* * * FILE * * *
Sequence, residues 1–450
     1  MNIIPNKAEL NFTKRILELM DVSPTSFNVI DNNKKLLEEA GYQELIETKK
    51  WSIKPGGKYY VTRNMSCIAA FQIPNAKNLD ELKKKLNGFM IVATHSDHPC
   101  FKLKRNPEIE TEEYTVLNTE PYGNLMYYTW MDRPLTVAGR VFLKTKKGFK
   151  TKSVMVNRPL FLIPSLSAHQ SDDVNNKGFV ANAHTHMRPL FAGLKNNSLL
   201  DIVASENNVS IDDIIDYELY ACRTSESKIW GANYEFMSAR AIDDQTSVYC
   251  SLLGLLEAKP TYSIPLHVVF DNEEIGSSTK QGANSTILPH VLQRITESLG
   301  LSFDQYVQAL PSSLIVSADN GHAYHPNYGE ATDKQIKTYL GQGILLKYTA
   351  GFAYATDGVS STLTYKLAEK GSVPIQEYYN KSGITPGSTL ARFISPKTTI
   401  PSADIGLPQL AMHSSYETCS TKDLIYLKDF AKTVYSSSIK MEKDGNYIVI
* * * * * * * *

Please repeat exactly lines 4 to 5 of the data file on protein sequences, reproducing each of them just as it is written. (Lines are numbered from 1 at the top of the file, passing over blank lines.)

   101  FKLKRNPEIE TEEYTVLNTE PYGNLMYYTW MDRPLTVAGR VFLKTKKGFK
   151  TKSVMVNRPL FLIPSLSAHQ SDDVNNKGFV ANAHTHMRPL FAGLKNNSLL